* In terms of risks of increasing heat stress, there are parts of Asia where current temperatures are already approaching critical levels during the susceptible stages of the rice plant. These include: Pakistan/North India (October), South India (April, August), East India/Bangladesh (March-June), Myanmar/Thailand/Laos /Cambodia (March-June), Vietnam (April/August), Philippines (April/June), Indonesia (August) and China (July/August).
 
* In India, the Indo-Gangetic Plains are under threat of a significant reduction in wheat yields. This area produces 90 million tons of wheat grain annually (about 14-15 per cent of global wheat production).
 
* Flood risk and associated human and material losses are heavily concentrated in India, Bangladesh, and China.
 
* On the east coast of India, clusters of districts with poor infrastructure and demographic development are also the regions of maximum vulnerability. Hence, extreme events are expected to be more catastrophic in nature for the people living in these districts.
 
The IPCC report has also said that floods and drought are likely to increase in India, since there will be a decline in seasonal rainfall, coupled with increase in extreme precipitation during monsoon. Also, freshwater resources will be affected due to a combination of climate change and unsustainable practices.
 
Projections on agriculture especially are stark. The IPCC report pegs over US$7 billion loss in agriculture in India by 2030. Heat stress, rising temperature and erratic monsoon will contribute substantially to this loss.
 
In India, agriculture is the backbone of livelihood security of over half the country's population and nearly 60 per cent of agriculture is rain-fed - farmers are dependent on the rains to grow crops. Erratic monsoon or any change in the monsoon pattern therefore has huge consequences for the country in terms of ensuring food security.
 
A study by a team of Stanford University researchers in California, USA, further substantiates this. The study evaluated how wet and dry spells have changed between 1951-1980 and 1981-2011. The findings are worrying, given India's plans of inclusive and sustainable development.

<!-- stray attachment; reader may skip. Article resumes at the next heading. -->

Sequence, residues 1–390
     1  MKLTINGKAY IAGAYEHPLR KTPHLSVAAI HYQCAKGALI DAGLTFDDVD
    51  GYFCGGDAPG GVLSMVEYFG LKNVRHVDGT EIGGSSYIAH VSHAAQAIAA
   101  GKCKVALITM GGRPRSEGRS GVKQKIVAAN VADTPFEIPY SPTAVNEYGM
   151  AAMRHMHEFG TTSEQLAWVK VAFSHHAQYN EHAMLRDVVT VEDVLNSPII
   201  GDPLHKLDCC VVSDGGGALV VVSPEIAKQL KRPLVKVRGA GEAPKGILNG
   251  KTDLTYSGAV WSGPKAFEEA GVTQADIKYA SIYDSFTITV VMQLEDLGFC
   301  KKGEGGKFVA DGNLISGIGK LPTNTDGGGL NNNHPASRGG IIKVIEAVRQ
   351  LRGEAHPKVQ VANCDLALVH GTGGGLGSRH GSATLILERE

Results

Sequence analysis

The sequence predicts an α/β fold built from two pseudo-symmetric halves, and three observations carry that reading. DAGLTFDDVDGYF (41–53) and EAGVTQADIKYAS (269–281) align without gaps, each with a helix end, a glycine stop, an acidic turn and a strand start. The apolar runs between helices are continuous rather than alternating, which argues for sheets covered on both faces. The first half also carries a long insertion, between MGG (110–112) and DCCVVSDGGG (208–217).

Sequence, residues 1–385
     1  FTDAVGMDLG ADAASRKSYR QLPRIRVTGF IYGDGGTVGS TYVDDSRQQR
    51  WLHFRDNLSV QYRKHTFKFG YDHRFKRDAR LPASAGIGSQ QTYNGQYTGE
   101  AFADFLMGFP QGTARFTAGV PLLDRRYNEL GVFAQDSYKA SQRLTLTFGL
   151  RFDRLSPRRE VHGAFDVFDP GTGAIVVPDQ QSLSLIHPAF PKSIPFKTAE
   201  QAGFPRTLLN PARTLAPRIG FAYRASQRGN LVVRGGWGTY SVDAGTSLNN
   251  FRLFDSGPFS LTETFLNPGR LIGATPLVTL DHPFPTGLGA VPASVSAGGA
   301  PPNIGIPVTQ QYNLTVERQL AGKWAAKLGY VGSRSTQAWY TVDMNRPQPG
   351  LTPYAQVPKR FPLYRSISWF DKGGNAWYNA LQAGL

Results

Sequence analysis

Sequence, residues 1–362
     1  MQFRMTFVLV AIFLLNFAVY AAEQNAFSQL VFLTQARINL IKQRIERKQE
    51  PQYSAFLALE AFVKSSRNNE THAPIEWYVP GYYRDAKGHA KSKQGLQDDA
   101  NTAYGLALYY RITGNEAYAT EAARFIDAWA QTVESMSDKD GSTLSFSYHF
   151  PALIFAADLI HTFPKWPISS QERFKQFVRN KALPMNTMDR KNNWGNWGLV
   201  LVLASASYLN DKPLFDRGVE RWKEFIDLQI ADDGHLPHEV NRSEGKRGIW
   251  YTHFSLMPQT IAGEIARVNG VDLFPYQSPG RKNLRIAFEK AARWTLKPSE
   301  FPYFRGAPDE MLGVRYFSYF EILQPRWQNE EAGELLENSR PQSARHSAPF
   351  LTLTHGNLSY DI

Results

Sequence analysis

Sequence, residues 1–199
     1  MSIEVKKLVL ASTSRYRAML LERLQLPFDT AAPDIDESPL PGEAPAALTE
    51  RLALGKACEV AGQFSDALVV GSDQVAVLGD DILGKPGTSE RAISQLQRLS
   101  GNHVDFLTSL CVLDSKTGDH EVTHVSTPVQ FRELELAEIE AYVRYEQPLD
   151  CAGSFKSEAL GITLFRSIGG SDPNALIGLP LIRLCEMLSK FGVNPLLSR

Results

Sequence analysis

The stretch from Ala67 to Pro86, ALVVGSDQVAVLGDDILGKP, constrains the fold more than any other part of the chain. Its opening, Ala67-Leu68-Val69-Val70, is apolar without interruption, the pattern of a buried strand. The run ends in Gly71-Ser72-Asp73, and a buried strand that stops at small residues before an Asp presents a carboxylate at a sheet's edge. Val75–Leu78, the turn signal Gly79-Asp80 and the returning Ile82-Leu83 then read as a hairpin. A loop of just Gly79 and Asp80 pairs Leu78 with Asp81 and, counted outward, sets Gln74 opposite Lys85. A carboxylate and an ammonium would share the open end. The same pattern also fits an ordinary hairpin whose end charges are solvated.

How have monsoons changed in India?
 
The study found that there has been a decrease in rainfall in the peak monsoon season; variability in daily rainfall has increased; wet spells have become more intense; and dry spells occur more frequently.
 
"There are fewer total number of rain days in the monsoon season, and the amount of rainfall on these days is highly variable. This leads to an overall decrease in the mean rainfall in these months (July-August) but an increase in the day-to-day fluctuations in the amount of rainfall," said Deepti Singh of Stanford University's Department of Environmental Earth System Science, who is also the co-author of the study published online in Nature Climate Change on 28 April.
 
Why are such changes happening? Are they following the natural scheme of things, or can the findings be linked to climate change?
 
Singh does not dispute the climate change link. The findings of the study are consistent with previous projections of the hydrological cycle with increased global warming, she says.
 
"Although we still need a separate attribution study of these observed changes to natural and anthropogenic sources, our results suggest that we are already seeing significant changes similar to what are expected in response to increased greenhouse gas warming," Singh told Third World Network.
 
Besides, some of the changes in circulation patterns in the study also matched those expected to occur with increased global warming.
 
The only caveat Singh issues is that since multiple factors such as greenhouse gases, aerosols and land use changes interact with the monsoon differently, one must carefully evaluate the influence of each of these factors to make more accurate projections for the forthcoming decades.
 
The impact of changes in monsoons will be telling on rain-fed agriculture, crops, livestock, livelihoods and food security, the study warns.
 
"As central India encompasses several river basins that contain high population densities and large areas of crop cultivation, rainfall extremes over this region have a particularly strong influence on agriculture and water management," reads the study, which assessed the South Asian summer monsoon over central India, comprising Madhya Pradesh, Chhattisgarh, Maharashtra, parts of Uttar Pradesh and eastern Rajasthan.
 
To add to the grim scenario, the Indian Meteorological Department has predicted less-than-average monsoon for the year 2014, and the World Meteorological Organisation (WMO) has also said that below-normal rainfall is most likely during the 2014 summer monsoon season (June to September) over South Asia as a whole.
 
One of the reasons for this, said the WMO statement, is the possibility of an El Nino, a phenomenon where the Pacific warms due to increased sea surface temperature. El Nino conditions during the monsoon season are known to weaken the South Asian summer monsoon circulation and adversely impact rainfall over the region.
 
Given such uncertainties and erratic weather, no matter who wins the 2014 general election in India, erratic monsoon will continue to play havoc with people's lives unless anticipatory steps are taken to ensure food and livelihood security for the people of the country, especially its poor population. +